- From a budget surplus of P5.3 billion in 2015, Botswana recorded a budget deficit of P7 billion in 2016
- In 2017 Botswana could record a P1.3 billion deficit which could increase to P3 billion in 2018 and P3.8 in 2019
Fitch Group’s Business Monitor International (BMI) has projected that Botswana could experience wider fiscal deficits, saying the current government could spend more public funds into projects and policies which are intended to help the ruling Botswana Democratic Party (BDP) retain power in 2019 general elections.
Figures from BMI Africa report released this week show that from a budget surplus of P5.3 billion in 2015, Botswana recorded a budget deficit of P7 billion in 2016. The figures further show that in 2017 the country could record P1.3 billion deficit which could increase to P3 billion in 2018 and P3.8 in 2019.
In the report BMI analysts said the ruling BDP which has been in power since independence, faces rising risks and there are high chances that it will be unable to retain its power in the 2019 general election. The analysts indicated that the ruling party has done successively worse in each election since 1965, now holding only a small majority in parliament; they also noted that the lack of inclusivity of economic growth and high unemployment, especially among young Batswana, is a major reason for the fall in popularity of the BDP. “With unemployment unlikely to fall rapidly in the next two years, there is an elevated likelihood that 2019 will be the moment when the transfer of power finally takes place. “The opposition looks poised to finally unseat the ruling Botswana Democratic Party in the 2019 general election and we see a risk that fiscal policy will be loosen aggressively in the run-up to the vote as the BDP attempts to shore up support,” said BMI analysts in the report.
The analysts indicated that the performance of the economy over the next two years will play an important role in the outcome of 2019 elections and said there is a risk that the government will increase spending in a bid to maintain BDP support. “We could see increased government spending in an attempt to boost the economy and hold on to power. Such an outcome could backfire by leading to higher inflation and deterioration in living standards.”
It has been projected that Botswana could record GDP growth of 4.6% and 4.5% in 2017 and 2018 respectively, and BMI states that the growth was going to bode well for the ruling party if it was inclusive and leads to a fall in unemployment.
Economic growth has left many Batswana behind, as evidenced by high rates of unemployment and extremely high-income inequality including poverty and there has been concerns that for a country that has been hailed as an “African success story”, the results of economic growth, economic transformation and inclusive economic growth are disappointing and a significant portion of the population is not happy. The analysts say two years is a short amount of time to suddenly start seeing positive changes and address concerns of the population and the BDP is under pressure to show tangible signs of delivering developmental strategies to significantly bolster its position heading into the elections: “The possibility that the BDP could lose power in 2019 may lead the authorities to increase the resources devoted to developmental strategies, which focuses on education, social services and infrastructure and this could result in higher inflation and wider fiscal deficits than we currently anticipate.”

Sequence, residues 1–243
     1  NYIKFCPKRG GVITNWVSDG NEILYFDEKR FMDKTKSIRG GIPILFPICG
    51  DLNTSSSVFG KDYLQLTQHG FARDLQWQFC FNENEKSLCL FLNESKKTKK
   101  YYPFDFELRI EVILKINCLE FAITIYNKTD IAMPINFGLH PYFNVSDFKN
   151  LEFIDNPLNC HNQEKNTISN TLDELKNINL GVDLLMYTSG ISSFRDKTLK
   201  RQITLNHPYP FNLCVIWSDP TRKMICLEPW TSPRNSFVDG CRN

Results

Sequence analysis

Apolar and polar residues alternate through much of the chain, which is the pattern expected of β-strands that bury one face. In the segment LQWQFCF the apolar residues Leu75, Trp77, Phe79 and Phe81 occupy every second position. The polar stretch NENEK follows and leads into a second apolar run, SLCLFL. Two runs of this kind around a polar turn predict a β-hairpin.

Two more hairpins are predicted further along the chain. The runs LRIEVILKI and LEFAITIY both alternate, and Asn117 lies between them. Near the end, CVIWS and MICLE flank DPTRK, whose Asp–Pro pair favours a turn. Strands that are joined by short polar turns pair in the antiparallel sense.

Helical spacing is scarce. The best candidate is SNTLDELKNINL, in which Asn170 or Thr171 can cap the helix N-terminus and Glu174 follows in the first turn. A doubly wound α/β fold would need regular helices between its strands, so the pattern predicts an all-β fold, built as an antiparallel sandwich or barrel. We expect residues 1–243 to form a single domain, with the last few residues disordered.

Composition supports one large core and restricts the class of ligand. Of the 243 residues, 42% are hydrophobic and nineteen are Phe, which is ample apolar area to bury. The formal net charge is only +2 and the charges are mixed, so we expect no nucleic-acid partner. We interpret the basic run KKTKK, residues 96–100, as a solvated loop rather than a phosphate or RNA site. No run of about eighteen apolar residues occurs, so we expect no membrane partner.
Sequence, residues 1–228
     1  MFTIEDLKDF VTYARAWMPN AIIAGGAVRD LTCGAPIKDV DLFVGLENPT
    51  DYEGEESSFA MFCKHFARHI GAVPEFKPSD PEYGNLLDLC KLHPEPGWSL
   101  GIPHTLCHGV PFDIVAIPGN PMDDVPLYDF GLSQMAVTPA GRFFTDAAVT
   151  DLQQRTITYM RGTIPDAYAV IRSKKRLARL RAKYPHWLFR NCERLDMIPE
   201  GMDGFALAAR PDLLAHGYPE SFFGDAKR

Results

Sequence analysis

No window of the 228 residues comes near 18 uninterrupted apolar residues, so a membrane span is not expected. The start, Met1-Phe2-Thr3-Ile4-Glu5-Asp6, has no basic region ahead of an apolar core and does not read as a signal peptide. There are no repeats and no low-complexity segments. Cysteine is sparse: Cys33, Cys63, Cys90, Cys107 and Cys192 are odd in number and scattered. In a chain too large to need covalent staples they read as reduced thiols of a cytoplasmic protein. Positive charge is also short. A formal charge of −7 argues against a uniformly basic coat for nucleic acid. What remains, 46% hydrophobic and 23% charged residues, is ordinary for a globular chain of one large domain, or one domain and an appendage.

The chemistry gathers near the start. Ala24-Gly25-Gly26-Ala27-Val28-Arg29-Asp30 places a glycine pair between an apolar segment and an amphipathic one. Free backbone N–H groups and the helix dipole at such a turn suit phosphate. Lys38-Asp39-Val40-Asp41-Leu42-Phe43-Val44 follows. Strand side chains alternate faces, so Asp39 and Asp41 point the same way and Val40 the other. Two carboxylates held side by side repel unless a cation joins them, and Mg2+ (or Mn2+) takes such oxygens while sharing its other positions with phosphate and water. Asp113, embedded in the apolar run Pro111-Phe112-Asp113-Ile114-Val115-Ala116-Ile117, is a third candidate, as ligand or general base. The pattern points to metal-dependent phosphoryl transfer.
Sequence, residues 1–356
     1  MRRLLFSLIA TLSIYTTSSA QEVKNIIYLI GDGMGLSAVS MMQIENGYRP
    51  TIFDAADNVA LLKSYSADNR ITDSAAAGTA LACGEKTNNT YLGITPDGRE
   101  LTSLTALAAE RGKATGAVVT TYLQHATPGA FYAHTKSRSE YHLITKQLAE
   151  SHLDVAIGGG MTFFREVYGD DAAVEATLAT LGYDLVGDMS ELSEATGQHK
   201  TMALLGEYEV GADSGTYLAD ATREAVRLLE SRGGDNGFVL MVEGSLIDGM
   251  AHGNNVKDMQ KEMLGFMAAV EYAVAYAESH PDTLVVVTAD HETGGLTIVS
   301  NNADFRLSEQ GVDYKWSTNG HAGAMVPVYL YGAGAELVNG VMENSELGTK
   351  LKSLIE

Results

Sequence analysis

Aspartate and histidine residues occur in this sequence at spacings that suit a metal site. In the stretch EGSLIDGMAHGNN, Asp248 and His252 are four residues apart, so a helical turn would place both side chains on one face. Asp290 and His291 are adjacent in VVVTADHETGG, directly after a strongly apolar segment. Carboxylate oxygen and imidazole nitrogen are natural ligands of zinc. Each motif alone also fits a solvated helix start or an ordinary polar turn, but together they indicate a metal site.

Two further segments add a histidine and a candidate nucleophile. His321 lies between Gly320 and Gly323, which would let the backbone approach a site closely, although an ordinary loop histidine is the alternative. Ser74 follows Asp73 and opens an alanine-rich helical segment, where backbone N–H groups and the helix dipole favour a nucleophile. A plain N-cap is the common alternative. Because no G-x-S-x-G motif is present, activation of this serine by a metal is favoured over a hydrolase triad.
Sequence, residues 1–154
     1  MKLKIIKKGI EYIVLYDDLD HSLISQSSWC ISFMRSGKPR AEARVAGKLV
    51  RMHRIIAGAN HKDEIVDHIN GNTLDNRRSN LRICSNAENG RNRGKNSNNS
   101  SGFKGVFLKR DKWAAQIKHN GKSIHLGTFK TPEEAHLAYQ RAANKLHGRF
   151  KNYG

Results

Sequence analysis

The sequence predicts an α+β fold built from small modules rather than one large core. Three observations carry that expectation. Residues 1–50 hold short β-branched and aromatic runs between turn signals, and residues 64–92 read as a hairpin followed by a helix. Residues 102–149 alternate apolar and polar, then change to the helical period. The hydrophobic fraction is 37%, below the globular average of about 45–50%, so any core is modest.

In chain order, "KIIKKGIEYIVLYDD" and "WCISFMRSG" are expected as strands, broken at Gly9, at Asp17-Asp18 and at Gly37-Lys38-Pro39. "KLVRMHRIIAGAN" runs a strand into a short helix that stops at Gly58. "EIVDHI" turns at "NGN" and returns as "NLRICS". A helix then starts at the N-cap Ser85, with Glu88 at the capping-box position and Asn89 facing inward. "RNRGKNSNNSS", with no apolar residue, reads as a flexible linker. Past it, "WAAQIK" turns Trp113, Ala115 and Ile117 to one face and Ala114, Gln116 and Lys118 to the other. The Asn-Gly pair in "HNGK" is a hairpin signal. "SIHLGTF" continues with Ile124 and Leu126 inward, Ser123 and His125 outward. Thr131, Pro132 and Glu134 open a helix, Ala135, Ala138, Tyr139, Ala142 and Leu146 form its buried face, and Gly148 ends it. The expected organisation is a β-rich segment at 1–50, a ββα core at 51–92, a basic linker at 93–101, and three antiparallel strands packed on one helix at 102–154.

World Bank and International Food Policy Research Institute (IFPRI) recently criticized Botswana government for its obsession with managing threats that could result with the BDP losing power in the coming elections, instead of focusing on improving investment climate. The institutions say while businesses remain constrained by electricity shortages and inadequate internet connectivity and bandwidth, government is spending extensively on rural roads and infrastructure which yields limited economic benefits. The organizations indicated that as the BDP gains its strongest support in rural areas, the governing party is spending more on rural infrastructure that directly benefits its electoral base, rather than the economy as a whole. They added that several much-needed reforms that would help to address economic concerns could result with shortage of funds to keep the BDP’s support base.